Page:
As with the offense, Luke Fickell and Everett Withers' defensive coaching staff must fit their defensive schemes with their personnel. Several schemes will be particularly important for the 2013 Buckeyes, as the staff will look to implement coverages to take advantage of Bradley Roby and the veteran safeties, along with mixing it up to create confusion for offensive lines facing a young, but talented Buckeye front.
I don't need a gun I've got a Donk
Facing primarily spread offenses, the Buckeye defense will rarely play their "base" 4-3 under, instead preferring nickel. But when Ohio State does face pro-style 21 personnel (2 WR, 2 RB, 1 TE) expect to see ample amounts of quarter-quarter-half coverage.
As the name indicates, one half of the defensive backfield will play quarters or cover 4 coverage, while the other half plays cover 2.
The Buckeyes do this for one reason, namely Bradley Roby. The Ohio State coaching staff prefers to align their defensive strength to the wide side of the field. Doing so allows the defense to have greater numbers to cover open grass and easily adjust to motions and shifts.
Offenses sought to exploit that last fall, however, by running to the boundary. Enter quarter-quarter-half. Cover 2 is played to the boundary, while the boundary cornerback (Roby) is put in press coverage on the line of scrimmage. From this position, Roby is the defense's force player.
He is such a physical corner that he can maintain outside leverage and attack downhill, limiting an offense's ability to run boundary-side. The coverage provides the added bonus of letting Roby take away the underneath half of an opposing team's boundary passing game, allowing the Buckeye defense to roll its coverage to the field.
Expect the Ohio State defense to often feature quarter-quarter-half against 21 personnel in first or second down. The other look the Buckeyes will feature in those circumstances is cover 1 man-coverage robber.
Match it up
In first and second down against spread offenses, meanwhile, the Buckeyes will often play cover 4. In cover 4, every defensive back is responsible for one quarter of the field.
What looks like soft zone coverage is actually an aggressive scheme. Cover 4 utilizes zone pattern matching. This is the equivalent of matchup zone in basketball. Each pass defender will play man-to-man against a receiver within their zone. The difference with man coverage is that when a receiver leaves a defender's zone the defensive back or linebacker passes the receiver to their teammate, anticipating that another receiver is coming to their area. The key to this scheme is thus research and recognition. Defenders are taught pass patterns combinations to anticipate how the patterns will distribute throughout the coverage.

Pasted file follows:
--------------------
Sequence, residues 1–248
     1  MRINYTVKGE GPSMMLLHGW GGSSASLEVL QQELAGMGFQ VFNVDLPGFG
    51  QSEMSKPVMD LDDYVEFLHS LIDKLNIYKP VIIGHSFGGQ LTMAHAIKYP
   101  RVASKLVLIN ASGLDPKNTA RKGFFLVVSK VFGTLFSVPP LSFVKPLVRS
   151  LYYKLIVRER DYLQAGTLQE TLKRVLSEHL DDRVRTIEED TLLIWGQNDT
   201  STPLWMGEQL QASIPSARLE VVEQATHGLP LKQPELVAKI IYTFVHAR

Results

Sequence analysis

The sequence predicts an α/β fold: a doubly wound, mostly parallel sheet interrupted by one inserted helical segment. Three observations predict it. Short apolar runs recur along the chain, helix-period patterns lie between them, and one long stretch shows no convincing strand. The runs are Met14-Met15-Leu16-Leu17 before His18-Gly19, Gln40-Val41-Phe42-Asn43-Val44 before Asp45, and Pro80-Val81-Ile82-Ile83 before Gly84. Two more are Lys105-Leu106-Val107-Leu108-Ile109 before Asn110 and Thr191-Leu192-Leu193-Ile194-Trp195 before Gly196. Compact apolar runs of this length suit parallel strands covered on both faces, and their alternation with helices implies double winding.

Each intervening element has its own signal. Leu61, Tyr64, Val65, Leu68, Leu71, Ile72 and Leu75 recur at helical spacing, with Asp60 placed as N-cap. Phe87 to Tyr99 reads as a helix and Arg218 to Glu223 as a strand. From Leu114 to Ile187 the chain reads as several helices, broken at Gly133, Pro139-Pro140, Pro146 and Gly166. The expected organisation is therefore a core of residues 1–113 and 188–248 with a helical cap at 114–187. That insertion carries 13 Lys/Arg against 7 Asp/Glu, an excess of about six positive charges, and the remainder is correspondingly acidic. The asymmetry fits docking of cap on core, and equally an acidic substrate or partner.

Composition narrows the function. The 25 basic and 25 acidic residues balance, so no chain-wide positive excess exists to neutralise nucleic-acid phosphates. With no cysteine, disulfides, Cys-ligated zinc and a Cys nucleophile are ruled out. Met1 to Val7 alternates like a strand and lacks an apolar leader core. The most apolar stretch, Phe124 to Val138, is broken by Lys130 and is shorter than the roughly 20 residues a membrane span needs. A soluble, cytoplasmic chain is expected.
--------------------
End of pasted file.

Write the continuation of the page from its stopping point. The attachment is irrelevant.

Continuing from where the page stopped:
Cover 4 allows a defense to aggressively attack the run game. A limitation of true man coverage is that pass defenders must turn their back and follow receivers. Cover 4's pattern matching avoids this shortcoming. Cover 4 safeties watch the inside or number 2 receivers. If these receivers block, the safeties will come downhill to play run.
This is why the Buckeye defensive coaches like using cover 4 versus spread teams. The defense has sufficient defensive backs to defend deep in case an offense runs four vertical pass routes. At the same time a defense can quickly apply nine defenders against the run game.
Cover 4's benefit is therefore its versatility to combat the variety offered by modern offenses.
The Ohio State defense's goal is put the offense in third and long. In that situation the offense is one-dimensional and the defense has options.
To exploit those options the Buckeye defense often operates from an odd 30 front look. The coaching staff goes small, moving a defensive end to nose guard and bringing in two pass rushers at end. The defense has a stand-up viper, two linebackers and a star.
This front's purpose is confusion. The defense can drop in an eight man zone coverage. But the defense can also employ a variety of zone blitzes. One Buckeye coaching staff favorite is the X zone blitz. The two inside linebackers cross and blitz the opposite A gap. The viper drops into coverage. This provides the defense five rushers and six pass defenders. The defense can therefore play a relatively safe cover 3 while simultaneously seeking to overload an offense's pass protection.
The Buckeye defense struggled last year while the coaching staff gained their play calling rhythm. The unit turned the corner once the staff embraced a single philosophy. Seek to use coverage schemes to support stopping the run in first and second down and then provide variety of looks in third and long to confuse opposing quarterbacks. This is the strategy the Buckeyes will likely double down on in 2013.